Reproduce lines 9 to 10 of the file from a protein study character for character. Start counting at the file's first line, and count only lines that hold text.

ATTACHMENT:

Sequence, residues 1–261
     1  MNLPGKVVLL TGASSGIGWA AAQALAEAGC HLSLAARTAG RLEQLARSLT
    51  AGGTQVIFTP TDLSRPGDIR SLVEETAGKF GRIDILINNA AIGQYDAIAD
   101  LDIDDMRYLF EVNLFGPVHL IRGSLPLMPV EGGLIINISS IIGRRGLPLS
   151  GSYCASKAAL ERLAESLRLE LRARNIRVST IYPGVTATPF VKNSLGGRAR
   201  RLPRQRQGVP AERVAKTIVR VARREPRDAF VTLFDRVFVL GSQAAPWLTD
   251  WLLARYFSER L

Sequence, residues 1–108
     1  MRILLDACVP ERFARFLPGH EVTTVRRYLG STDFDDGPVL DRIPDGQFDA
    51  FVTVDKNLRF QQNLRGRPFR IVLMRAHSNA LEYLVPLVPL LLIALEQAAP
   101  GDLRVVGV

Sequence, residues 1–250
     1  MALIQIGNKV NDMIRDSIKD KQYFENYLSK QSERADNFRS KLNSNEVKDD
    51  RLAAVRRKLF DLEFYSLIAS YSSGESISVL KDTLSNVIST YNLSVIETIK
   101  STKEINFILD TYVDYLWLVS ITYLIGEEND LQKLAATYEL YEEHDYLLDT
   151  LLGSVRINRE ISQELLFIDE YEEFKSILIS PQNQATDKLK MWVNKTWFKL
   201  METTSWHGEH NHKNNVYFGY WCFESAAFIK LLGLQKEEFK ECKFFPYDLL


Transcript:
     1  MRILLDACVP ERFARFLPGH EVTTVRRYLG STDFDDGPVL DRIPDGQFDA
    51  FVTVDKNLRF QQNLRGRPFR IVLMRAHSNA LEYLVPLVPL LLIALEQAAP